Assurance. You have to assure your employer that you will be staying with them to work and not go on a break once again. Employers need assurance that they can rely on you to do the task, complete it and not abandon it. This means that you have to explain clearly during the interview the reason why you had a break. A well-explained rational reason is acceptable and takes away the doubt from the employer’s mind.
Knowledge and Skills. You have to be able to show that you still have the knowledge and skills that you have prior the career break and even better after the career break. You should be able to improve your knowledge and skills even during the break. This means that even though you are not working on your career, you are still learning new things and developing your skills. You still have to be updated on the latest things happening on your industry.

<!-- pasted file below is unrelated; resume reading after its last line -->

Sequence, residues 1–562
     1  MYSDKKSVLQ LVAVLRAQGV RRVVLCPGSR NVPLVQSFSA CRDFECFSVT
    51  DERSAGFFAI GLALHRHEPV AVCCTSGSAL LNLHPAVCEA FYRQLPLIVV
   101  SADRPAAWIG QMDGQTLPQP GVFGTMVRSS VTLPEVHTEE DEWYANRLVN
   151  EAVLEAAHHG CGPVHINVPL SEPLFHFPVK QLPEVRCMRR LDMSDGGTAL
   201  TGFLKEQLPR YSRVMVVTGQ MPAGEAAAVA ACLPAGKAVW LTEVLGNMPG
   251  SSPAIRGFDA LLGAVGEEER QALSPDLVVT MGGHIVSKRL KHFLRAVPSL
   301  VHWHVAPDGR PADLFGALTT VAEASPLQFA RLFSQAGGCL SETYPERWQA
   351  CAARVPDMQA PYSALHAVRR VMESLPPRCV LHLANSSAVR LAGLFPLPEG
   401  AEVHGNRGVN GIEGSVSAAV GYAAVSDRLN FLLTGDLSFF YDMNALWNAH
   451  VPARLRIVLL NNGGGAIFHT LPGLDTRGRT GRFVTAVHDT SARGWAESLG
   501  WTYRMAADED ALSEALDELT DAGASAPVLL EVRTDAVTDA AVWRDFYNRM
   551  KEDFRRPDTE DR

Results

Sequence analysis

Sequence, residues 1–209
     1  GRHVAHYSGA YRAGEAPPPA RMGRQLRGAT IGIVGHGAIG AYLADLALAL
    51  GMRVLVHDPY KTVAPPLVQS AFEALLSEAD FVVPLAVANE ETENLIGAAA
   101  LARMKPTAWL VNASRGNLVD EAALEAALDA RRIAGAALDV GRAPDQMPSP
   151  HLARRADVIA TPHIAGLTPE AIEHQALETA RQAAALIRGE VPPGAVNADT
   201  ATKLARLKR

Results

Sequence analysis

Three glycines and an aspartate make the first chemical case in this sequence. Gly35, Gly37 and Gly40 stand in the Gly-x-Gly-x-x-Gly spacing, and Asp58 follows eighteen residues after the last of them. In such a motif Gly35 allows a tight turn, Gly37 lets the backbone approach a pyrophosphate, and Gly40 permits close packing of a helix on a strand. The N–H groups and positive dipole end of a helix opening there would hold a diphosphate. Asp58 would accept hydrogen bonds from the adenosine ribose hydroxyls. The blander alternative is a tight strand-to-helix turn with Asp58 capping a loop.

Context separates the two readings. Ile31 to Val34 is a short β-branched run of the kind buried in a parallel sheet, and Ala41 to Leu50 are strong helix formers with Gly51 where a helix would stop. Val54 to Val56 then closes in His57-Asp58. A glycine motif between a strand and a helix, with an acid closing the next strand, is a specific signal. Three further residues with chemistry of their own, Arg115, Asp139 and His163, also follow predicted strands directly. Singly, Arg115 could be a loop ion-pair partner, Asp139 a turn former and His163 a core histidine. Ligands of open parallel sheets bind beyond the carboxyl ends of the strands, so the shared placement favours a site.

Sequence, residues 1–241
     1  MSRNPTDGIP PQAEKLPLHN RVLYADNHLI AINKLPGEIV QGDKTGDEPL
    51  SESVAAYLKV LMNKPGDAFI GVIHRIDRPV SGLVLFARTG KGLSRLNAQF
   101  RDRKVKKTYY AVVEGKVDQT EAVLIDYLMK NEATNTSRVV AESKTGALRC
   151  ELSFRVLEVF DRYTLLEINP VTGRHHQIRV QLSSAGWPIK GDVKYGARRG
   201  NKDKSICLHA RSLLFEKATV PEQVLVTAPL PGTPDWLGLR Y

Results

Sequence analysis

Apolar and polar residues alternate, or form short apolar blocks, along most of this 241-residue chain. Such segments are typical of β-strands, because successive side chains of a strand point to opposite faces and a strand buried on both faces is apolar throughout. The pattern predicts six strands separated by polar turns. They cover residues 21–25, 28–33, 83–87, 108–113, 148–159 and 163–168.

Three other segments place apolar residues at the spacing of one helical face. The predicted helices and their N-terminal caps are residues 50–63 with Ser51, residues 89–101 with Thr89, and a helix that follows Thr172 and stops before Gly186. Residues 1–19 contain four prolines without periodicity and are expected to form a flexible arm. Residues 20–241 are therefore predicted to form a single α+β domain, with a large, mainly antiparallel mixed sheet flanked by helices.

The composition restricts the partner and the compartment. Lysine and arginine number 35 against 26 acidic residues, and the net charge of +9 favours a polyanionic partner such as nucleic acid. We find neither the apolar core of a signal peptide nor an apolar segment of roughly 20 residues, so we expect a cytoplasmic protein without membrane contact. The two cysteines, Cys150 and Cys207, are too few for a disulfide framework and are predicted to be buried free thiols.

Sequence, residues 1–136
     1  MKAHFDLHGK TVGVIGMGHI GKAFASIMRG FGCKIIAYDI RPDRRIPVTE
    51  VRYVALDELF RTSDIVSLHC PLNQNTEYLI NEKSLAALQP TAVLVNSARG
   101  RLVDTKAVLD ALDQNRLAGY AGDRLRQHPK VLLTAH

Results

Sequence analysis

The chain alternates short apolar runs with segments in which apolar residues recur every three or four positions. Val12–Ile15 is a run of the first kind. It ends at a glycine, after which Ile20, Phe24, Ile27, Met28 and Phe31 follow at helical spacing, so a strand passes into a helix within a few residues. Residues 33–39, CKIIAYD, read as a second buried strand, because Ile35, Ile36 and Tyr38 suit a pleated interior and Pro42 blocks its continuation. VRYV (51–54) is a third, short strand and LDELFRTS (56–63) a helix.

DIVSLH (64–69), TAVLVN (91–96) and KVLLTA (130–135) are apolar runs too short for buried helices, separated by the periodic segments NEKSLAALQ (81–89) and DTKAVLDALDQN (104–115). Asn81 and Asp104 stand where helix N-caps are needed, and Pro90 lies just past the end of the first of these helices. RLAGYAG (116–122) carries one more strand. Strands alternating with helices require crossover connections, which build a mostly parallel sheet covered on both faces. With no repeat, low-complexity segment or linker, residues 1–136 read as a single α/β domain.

Adaptability. You should be able to adapt to new technology and development that occurred while you are on break. You cannot expect that the same tools you were using prior the break would still be the same ones that you will use when you make a career comeback. With the rapid changes in technology and computers, everything gets upgraded to become a better version of the original or prior versions.
Flexibility. You should be flexible enough to take on new roles after the career break. Roles can be related to or not to your prior work experience. You can change roles and engage in a career that is related to the skills you developed while on break. It doesn’t necessarily mean that you will be coming back to the same career you had prior to the break.
Networking. You should be able to keep in touch with former colleagues and bosses even during your career break. These people can help you once you are ready to come back. They can rehire you or recommend you as they already know your skills and attitude towards work.